What factors can we look at to determine our studio needs when it comes to an audio interface? What technical considerations are important? Over the course of my education and career, I have likely purchased more audio interfaces than any other piece of equipment. Here, I'll attempt to pass on everything I've learned along the way.
What is an Audio Interface?
First of all, what’s an “audio interface”? The term refers to any device that converts analog audio into a computer-readable digital format. Audio interfaces come in all shapes and sizes. There’s the built-in sound card inside your computer. There’s tiny little USB dongles. There’s the circuitry built into a USB microphone. And then there are breakout devices, ranging from a simple USB interfaces with a microphone input all the way up to the large rackmount interfaces found in many studios.
While the information below certainly applies across most audio interfaces, for this article in the context of a home studio, I am primarily addressing small two- and four-channel breakout devices that connect to your computer via USB, Firewire and other similar digital connection ports.
What about the Interface within My Computer?
There’s little that would compel me to recommend using the audio interface built into your laptop. They’re noisy, unbalanced and made of components with varying degrees of quality in order to keep costs down. This applies to the interface on smart phones as well.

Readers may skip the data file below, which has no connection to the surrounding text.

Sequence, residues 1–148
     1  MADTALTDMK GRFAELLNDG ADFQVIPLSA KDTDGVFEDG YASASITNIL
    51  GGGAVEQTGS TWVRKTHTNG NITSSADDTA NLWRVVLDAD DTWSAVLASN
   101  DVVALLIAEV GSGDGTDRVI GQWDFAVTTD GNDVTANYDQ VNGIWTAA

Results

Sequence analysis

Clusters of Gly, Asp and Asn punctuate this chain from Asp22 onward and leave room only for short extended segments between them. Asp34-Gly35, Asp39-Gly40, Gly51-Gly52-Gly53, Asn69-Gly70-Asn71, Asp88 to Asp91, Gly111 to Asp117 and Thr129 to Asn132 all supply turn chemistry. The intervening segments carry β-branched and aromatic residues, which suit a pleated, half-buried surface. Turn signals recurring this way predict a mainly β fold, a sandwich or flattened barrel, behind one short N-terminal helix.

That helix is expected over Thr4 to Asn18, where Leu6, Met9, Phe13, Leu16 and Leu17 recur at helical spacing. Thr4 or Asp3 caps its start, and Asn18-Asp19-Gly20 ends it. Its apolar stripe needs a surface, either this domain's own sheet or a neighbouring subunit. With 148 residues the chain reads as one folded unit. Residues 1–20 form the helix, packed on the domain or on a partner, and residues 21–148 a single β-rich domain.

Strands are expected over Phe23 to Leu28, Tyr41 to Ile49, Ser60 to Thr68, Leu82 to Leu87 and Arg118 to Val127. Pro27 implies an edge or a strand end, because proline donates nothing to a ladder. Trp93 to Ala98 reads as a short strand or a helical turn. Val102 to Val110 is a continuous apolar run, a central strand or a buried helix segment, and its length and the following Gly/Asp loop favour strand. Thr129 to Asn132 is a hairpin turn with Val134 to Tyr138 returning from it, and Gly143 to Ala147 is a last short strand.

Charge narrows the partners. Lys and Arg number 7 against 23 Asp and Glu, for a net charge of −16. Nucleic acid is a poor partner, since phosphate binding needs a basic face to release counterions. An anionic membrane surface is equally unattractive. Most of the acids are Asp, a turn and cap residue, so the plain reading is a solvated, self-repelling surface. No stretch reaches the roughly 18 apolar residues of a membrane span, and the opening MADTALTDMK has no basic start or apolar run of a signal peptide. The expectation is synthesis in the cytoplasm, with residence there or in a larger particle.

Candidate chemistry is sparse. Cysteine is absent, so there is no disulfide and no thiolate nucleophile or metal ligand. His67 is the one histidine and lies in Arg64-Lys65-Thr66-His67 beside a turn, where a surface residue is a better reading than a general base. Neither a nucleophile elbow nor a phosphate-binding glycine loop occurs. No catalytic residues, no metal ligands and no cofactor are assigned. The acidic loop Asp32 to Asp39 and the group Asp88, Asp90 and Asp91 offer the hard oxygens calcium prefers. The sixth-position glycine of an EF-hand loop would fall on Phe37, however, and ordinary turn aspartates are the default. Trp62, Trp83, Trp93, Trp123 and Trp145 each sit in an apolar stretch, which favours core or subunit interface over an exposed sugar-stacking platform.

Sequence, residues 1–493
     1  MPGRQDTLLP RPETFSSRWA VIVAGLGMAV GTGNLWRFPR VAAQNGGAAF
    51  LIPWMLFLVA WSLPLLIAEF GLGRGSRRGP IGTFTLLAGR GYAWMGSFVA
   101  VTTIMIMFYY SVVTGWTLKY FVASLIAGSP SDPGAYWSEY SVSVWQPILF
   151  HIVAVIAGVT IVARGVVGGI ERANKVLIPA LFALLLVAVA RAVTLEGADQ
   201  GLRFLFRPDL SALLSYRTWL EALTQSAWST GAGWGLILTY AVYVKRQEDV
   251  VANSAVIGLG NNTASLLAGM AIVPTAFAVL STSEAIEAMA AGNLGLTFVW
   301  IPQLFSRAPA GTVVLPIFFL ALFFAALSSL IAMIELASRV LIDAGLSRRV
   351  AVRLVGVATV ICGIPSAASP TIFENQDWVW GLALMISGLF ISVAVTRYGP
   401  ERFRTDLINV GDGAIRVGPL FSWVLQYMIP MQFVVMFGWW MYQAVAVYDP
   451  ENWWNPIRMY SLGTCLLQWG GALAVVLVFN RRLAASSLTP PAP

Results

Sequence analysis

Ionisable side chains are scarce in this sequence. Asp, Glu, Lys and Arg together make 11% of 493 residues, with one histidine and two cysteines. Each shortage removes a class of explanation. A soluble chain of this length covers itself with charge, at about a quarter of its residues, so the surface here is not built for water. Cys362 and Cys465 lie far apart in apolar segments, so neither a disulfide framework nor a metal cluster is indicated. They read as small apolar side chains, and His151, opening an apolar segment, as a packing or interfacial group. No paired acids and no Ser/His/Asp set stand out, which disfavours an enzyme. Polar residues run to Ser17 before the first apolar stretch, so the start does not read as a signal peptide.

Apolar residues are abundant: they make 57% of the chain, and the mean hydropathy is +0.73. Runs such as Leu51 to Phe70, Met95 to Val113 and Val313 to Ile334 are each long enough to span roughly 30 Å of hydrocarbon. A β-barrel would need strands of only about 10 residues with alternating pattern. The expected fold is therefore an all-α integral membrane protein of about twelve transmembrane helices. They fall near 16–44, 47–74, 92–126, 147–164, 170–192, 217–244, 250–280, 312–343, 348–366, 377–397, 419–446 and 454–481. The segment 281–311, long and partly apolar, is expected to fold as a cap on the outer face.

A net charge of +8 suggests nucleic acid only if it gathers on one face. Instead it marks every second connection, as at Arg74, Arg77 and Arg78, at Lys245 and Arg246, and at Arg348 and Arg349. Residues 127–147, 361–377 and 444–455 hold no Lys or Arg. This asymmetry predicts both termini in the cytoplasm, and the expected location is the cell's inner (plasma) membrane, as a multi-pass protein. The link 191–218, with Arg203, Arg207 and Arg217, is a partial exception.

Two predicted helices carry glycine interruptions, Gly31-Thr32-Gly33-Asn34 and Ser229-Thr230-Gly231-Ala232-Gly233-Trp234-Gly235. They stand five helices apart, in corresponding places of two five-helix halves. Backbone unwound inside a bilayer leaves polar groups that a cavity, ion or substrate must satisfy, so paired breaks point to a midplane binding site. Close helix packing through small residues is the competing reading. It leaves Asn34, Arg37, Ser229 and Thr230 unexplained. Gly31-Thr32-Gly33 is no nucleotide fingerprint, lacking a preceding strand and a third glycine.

For most applications, I recommend recording away from your computer altogether. Without the benefits of a control room, fan noise and other computer sounds will bleed into the recording.
In my studio, when we set out to record voices, I typically shut down any electronics and computer systems in the studio, pull out a standalone recorder and record with a clean background, free of fans and mouse clicks.
However, there are times when having the computer nearby is necessary to productivity or workflow. For that, we need an interface that will suit our needs. And that’s where things get tricky.
Different sound devices are made for different applications. For example, I wouldn’t use a Presonus Audiobox to record sound effects. The mic preamps are too noisy for detailed sound recording and the device doesn’t handle the sampling rates I need. For voice, however, the Audiobox would likely suit many people’s needs.
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USB vs Firewire
I hear arguments regarding USB vs Firewire all the time. I don’t intend to rehash them, as most of them are highly subjective. The arguments are often weighted by whether the individual uses a Mac or PC, and they fail to look at the bottom line: both USB and Firewire are plenty fast enough to handle your audio signal.
The most determining fact in whether to use USB or Firewire (or PCI, or Fireport, or Thunderbolt) is your computer. If your computer is not slotted with Firewire interfaces, there isn’t a compelling argument to purchase a separate firewire interface to make other hardware work.
Analog vs Digital
Overall, the average user is going to be considered with analog inputs and outputs (I/O). Analog I/O refers to any signal where audio information is transmitted in the form of electrical pulses. In other words, if you plug a microphone, guitar or monitor into an input or output to transmit or receive sound, the I/O analog.